Does Religion Decrease Compassion?
One of the sad and perplexing facts of this world is the millions killed and millions more whose lives are ruined by people justifying their violence by thinking they are acting in a higher cause. The twentieth century was a powerful exhibit of this human failing. The twenty-first is not showing it will be markedly better.
Religious conservatives say this bloody record proves the depravity of "fallen" human beings. Recent scientific experiments suggest something quite different, something of great value in helping us Pagans better understand our own spirituality.
A series of experiments recently published show that atheists and not very religious people act with greater empathy and generosity than "highly religious" people. A series of experiments were developed to explore how empathy influenced behavior. In all cases, people describing themselves as "highly religious" were markedly less empathetic, and acted generously more often from a sense of duty.
I believe there are important reasons for this, reasons that shed light on our own path's promise for maintaining, some would say restoring, civilized behavior in American society.
Ideology kills the heart
Religious dogma can apparently override people's natural tendency to empathize. Think of the countless horrific crimes done "in the name of God." Or the heartless actions against real people to benefit a zygote that has become the standard operating procedure for the "religious" right. Kansas just passed a law enabling doctors to withhold chemotherapy from pregnant women if it might cause an abortion. These people are as evil as people can get, I think. They are no longer fit for decent company. And they do it in the name of their religion.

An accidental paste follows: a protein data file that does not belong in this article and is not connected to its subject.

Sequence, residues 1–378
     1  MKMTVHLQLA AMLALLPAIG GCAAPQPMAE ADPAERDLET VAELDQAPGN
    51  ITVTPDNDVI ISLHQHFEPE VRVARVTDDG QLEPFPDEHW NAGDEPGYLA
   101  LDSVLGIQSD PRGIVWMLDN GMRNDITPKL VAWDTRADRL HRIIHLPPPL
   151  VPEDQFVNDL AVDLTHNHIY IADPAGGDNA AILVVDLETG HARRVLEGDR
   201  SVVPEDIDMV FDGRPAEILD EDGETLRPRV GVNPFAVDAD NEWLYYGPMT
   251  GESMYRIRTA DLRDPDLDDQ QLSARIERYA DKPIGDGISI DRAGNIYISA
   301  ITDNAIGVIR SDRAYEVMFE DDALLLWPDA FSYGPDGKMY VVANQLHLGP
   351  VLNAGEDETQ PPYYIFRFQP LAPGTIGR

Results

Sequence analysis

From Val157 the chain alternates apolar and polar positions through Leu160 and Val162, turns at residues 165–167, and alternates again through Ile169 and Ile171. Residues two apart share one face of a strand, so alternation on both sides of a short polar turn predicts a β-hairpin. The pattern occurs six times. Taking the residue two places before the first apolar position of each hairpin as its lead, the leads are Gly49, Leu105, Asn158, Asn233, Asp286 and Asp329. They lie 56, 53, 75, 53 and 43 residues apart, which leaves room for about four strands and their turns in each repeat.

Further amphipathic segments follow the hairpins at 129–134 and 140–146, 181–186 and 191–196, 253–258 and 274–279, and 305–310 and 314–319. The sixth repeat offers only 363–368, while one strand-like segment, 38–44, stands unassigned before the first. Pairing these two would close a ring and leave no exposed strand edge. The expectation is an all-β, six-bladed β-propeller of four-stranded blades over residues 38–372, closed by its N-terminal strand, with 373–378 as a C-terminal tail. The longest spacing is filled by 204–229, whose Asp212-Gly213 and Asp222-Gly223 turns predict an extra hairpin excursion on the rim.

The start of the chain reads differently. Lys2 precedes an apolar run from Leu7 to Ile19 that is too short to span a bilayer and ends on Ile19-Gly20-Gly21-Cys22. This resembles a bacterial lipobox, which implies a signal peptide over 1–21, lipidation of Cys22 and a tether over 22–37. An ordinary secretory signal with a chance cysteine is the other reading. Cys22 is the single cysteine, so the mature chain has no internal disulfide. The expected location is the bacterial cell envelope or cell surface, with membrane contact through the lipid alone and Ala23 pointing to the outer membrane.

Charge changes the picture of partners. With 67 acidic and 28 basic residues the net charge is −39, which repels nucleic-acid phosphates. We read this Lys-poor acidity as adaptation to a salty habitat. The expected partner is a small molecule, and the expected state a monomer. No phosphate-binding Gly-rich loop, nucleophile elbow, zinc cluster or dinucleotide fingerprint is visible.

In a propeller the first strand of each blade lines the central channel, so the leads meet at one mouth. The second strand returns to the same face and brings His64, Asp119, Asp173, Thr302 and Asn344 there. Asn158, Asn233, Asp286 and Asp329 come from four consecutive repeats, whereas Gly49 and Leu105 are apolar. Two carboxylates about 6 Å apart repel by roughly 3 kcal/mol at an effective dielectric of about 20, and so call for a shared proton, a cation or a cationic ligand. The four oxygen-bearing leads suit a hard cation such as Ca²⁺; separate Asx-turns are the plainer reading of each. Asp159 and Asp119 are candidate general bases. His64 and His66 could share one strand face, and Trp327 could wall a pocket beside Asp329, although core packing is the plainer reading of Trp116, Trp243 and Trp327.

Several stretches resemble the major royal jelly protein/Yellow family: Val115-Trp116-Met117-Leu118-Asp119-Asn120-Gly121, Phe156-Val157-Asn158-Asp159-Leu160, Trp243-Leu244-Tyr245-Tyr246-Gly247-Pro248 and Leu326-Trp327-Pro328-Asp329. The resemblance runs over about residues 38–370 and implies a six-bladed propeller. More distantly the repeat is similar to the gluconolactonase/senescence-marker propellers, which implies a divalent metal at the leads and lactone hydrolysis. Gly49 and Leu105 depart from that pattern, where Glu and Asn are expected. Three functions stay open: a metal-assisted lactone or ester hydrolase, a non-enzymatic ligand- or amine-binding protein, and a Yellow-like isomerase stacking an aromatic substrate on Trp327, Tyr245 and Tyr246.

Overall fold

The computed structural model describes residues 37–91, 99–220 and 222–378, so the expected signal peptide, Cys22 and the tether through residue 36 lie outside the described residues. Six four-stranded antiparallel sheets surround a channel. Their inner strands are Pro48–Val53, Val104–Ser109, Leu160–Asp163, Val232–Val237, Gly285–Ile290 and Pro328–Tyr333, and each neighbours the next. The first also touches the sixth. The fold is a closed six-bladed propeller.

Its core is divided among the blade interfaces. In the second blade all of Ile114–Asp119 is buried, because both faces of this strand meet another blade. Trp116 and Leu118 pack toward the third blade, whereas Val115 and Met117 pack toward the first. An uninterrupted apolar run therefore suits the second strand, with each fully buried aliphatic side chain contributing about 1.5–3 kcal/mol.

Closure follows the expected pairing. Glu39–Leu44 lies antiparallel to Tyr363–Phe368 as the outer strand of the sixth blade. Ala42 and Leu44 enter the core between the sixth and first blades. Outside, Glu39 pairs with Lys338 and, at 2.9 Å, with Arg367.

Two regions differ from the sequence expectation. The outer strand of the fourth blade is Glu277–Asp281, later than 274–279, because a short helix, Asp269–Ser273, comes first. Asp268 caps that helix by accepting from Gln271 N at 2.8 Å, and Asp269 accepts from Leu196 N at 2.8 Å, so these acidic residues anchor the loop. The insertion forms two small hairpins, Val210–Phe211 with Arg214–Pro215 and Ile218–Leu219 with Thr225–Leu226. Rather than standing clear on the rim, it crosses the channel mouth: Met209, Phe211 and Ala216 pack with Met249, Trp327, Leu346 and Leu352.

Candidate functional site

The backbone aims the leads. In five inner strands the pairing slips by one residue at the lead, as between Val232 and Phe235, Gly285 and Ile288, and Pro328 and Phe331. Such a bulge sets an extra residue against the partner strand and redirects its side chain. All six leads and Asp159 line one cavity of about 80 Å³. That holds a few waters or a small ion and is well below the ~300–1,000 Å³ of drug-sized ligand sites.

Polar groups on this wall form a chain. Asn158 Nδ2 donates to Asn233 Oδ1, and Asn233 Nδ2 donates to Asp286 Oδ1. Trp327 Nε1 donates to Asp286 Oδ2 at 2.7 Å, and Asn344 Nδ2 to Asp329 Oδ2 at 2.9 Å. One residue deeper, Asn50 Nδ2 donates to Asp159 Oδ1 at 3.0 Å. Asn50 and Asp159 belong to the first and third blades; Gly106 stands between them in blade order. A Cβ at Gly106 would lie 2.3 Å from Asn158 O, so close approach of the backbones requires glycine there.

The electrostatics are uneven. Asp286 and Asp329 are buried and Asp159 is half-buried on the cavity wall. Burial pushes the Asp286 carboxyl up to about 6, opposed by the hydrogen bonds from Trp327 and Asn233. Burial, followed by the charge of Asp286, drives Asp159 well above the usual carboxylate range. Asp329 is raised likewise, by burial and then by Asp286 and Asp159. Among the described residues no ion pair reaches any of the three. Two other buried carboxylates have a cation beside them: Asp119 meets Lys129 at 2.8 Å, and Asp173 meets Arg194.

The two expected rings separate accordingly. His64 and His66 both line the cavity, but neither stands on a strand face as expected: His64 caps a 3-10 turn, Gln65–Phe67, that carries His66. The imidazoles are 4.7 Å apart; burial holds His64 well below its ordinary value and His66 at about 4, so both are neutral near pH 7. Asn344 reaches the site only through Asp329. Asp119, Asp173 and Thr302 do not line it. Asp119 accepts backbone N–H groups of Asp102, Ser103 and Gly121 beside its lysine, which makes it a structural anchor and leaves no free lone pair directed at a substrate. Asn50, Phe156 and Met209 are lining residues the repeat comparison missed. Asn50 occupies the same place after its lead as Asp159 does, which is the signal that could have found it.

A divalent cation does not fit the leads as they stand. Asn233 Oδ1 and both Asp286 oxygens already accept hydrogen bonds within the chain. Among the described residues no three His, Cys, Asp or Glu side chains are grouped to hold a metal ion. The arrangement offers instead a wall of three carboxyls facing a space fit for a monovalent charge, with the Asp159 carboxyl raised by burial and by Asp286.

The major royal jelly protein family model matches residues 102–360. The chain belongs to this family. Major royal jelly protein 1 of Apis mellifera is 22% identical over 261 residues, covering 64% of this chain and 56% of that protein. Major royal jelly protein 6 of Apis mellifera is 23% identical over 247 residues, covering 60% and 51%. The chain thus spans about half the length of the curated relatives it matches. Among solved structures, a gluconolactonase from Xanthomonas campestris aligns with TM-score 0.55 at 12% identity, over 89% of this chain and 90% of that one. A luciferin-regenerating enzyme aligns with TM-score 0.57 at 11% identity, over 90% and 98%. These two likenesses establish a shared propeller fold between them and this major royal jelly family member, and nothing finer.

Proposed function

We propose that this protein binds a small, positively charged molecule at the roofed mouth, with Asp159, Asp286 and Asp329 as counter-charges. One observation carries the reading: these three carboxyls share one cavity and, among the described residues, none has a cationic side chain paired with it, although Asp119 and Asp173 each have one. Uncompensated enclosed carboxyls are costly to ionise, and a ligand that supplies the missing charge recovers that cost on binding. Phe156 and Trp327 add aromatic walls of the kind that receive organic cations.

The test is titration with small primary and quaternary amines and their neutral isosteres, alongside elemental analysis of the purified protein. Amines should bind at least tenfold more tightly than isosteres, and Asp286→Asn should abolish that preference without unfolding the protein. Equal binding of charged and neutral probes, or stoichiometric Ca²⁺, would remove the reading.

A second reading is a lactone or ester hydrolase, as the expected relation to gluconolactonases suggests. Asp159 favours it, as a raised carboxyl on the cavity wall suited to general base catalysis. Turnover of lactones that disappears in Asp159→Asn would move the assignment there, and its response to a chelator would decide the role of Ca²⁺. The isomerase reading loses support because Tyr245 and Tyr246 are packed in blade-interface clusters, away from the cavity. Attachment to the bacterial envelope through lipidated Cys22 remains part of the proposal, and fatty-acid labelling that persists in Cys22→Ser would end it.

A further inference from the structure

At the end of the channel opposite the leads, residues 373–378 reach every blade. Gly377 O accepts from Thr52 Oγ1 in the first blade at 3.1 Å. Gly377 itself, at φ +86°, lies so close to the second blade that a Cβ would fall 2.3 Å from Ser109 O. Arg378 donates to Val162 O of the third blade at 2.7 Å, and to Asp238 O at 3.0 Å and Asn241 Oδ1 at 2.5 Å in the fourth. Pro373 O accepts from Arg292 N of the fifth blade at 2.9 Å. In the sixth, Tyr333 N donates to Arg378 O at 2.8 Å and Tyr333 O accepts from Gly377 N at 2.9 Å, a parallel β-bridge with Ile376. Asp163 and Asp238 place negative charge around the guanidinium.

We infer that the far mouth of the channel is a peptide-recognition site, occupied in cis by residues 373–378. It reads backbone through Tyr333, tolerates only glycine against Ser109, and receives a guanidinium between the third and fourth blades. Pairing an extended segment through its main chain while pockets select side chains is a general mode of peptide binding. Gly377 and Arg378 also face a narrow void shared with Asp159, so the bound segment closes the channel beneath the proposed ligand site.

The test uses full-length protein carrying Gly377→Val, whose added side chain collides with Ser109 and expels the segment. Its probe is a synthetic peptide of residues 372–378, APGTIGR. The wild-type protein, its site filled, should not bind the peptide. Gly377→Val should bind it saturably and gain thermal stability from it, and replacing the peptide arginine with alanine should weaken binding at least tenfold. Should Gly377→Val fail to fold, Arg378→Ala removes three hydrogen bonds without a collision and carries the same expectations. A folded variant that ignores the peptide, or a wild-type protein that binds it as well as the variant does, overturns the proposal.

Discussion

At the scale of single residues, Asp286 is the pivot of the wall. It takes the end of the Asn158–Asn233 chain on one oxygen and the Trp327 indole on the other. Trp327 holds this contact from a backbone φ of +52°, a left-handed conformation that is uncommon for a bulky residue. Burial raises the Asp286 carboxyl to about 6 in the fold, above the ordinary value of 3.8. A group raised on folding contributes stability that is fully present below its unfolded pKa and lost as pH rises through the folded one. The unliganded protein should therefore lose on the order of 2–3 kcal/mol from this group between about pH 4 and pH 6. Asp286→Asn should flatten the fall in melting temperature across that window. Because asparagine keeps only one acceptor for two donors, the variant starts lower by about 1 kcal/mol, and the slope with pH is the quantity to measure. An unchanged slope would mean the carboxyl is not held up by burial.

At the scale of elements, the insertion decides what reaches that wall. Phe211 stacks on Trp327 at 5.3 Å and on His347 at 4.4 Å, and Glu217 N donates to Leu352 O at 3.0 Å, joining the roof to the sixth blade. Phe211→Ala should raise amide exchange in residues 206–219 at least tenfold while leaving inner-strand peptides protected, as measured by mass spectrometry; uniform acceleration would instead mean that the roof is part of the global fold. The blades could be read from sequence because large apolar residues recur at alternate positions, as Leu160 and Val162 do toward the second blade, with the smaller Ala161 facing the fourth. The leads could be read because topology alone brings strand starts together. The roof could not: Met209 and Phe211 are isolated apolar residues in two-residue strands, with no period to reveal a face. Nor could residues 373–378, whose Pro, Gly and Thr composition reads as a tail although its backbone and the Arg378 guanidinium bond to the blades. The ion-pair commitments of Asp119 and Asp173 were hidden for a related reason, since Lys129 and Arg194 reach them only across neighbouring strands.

In this respect, extreme monotheists share a remarkable similarity with those atheists who have brought great catastrophes upon humanity. Marxist dogma about class war and class consciousness hardened many revolutionary hearts and led to great crimes. (In saying this, I am in no way excusing the great crimes of those against whom they rebelled.) These men, most of them anyway, were not psychopaths; they were normal human beings blinded by an ideology they held with religious intensity.
Consider Vladimir Lenin, who led the Bolshevik Party to power in the Russian Revolution. Lenin told the writer Maxim Gorky, "I know of nothing better than the Appassionata and could listen to it every day. What astonishing, superhuman music! It always makes me proud, perhaps naively so, to think that people can work such miracles!"
He continued: "I can't listen to music too often. It affects your nerves, makes you want to say stupid nice things, and stroke the heads of people who could create such beauty while living in this vile hell." Lenin was trapped by his ideology to distance himself from his own heart. Apparently something similar may be true for religions relying on dogma that spreads distrust of the world.
Perhaps Lenin was reincarnated as a Kansas Republican.
Gus diZerega is a Gardnerian Elder with over 25 years practice, including six years close study with a Brazilian shaman. He has been active in interfaith work off and on for most of those 25 years as well. He has conducted workshops and given presentations on healing, shamanism, ecology and politics at Pagan gatherings in the United States and Canada. Follow Gus on Facebook.
Gus blogs at Pointedly Pagan.